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Forcible entry, as with any fireground skill, is as difficult as you are competent. That’s right, it’s your ability to perform the right skill at the right time that really determines the difficulty of the entry situation. Let’s face it, you could be the best irons guy around but if the situation calls for the rotary saw (and all you have is a set of Irons) then you’re probably not going to get the job done. Successful forcible entry on the fireground includes forcible entry size-up, the right tools, and solid forcible entry skills — along with an ability to use common sense!
Forcible Entry Size-Up
One of the most important skills involved in forcible entry is the ability to size-up the possible (and actual) entry challenges and arrive at the entry location with the appropriate tools for the job. Size-up for forcible entry, like overall fireground size-up, begins by knowing your response district and listening to the initial dispatch to determine where you’re going. Knowing where you’re headed (residential neighborhood, commercial complex) and the entry challenges that are likely to be faced is the first step in successful forcible entry. It’s sets your mind in motion, confirming the tools you should be bringing and reviewing the basics of how to use the tools to get the job done. You should also quickly review the potential problems that might come up while performing the type of forcible entry challenges at the target location. Let’s face it, residential forcible entry is usually different than commercial building forcible entry, and each type requires different skill sets (and possibly tools) and presents different challenges.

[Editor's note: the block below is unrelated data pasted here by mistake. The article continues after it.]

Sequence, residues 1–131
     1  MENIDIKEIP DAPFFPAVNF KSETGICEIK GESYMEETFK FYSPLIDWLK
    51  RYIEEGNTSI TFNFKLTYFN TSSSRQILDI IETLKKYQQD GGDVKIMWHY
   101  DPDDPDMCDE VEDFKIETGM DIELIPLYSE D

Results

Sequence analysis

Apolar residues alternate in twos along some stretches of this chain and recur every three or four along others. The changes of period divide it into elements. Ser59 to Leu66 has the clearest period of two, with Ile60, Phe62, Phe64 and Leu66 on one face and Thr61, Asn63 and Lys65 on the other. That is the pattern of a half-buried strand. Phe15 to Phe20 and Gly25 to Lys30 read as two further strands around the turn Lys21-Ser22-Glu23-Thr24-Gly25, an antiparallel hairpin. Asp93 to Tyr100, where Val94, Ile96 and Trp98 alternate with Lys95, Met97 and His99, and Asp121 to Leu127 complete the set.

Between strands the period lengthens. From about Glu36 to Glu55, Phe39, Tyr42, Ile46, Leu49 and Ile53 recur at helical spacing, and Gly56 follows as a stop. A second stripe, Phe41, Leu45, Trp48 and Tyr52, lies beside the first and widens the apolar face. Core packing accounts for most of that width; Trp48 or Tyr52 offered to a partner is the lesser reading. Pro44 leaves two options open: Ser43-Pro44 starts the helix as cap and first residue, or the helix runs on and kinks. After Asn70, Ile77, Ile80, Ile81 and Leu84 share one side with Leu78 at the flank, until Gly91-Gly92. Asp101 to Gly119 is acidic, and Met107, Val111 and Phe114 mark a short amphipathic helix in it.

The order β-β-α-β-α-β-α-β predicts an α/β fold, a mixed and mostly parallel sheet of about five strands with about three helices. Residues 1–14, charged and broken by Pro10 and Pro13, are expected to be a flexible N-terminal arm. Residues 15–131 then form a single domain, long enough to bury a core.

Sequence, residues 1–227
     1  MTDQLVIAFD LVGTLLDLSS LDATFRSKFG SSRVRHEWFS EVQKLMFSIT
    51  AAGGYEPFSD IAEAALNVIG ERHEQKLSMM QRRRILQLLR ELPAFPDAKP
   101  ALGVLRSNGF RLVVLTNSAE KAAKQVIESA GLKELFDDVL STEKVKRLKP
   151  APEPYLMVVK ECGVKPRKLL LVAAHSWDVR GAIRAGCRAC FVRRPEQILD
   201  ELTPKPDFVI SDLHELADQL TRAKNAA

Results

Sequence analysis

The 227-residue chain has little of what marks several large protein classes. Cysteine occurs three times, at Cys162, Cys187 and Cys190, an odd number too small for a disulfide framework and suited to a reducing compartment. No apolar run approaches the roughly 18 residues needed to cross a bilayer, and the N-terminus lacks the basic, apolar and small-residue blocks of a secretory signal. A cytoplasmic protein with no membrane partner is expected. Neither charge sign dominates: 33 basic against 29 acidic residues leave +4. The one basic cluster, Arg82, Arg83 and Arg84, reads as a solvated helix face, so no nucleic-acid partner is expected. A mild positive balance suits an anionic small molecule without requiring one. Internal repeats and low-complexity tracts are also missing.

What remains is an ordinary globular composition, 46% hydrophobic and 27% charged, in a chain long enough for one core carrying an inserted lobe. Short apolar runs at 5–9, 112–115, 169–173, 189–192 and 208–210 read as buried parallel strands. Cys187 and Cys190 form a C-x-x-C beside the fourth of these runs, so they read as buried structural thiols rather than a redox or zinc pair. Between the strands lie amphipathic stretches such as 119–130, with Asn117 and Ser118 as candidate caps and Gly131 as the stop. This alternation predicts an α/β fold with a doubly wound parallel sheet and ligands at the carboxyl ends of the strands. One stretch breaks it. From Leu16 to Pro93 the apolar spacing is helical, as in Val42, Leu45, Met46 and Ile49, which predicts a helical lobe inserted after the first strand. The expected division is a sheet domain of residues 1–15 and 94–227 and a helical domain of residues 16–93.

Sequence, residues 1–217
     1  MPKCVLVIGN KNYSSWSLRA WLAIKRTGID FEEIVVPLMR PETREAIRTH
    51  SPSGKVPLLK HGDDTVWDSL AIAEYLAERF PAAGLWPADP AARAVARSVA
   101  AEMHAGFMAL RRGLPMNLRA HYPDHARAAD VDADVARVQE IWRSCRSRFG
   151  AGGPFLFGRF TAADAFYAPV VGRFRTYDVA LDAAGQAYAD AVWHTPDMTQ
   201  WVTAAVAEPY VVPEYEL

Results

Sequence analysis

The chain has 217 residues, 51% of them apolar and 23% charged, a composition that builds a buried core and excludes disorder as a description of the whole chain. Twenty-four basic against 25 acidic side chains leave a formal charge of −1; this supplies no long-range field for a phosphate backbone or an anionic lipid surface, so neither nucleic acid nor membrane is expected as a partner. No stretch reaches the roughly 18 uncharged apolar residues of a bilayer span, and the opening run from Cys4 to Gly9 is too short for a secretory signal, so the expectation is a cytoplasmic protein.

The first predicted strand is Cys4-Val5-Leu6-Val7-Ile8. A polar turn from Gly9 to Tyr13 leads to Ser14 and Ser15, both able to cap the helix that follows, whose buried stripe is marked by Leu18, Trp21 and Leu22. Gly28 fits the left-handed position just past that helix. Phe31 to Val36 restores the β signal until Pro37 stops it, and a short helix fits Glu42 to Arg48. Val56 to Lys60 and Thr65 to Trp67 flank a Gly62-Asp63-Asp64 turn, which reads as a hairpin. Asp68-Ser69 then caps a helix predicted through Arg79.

It’s too late to learn entry techniques once the alarm goes off, there’s usually only enough time to determine which technique will be needed and to ensure the appropriate tools arrive at the entry location — it’s the amount of training you do ahead of time that determines the difficulty of the actual skill performed on the fireground.
The Right Tools
Forcible entry doesn’t take a lot of different tools but it does require having the right tools for the job at hand. While today’s society is much more security conscious than earlier generations use to be it’s still the same basic forcible entry tools that get the job done. Don’t overcomplicate forcible entry! Remember the basic forcible entry tools and learn how to use them.
The Irons are still the number one choice on most inward swinging, and many outward-swinging, doors. Sure, some doors may be tougher to force and some may require additional tools but a set of Irons in the hands of a skilled forcible entry team will get you through most doors. Train for what you’re likely to encounter, locked entry doors. That means, train so you are proficient at forcing both inward- and outward-swinging doors with a set of Irons. Once you’re proficient, train some more. When you get to the door using the tools should simply be a matter of instinct.
Don’t forget to learn how to use a hydraulic forcible entry tool (it’s pretty simple) and more importantly WHEN to use it. You may be the greatest forcible entry team there is but when faced with 30 doors to force, in a smoke-filled hallway, you’ll probably hit the wall. That’s when knowing there’s a better tool, for the number of doors you’re faced with, determines success.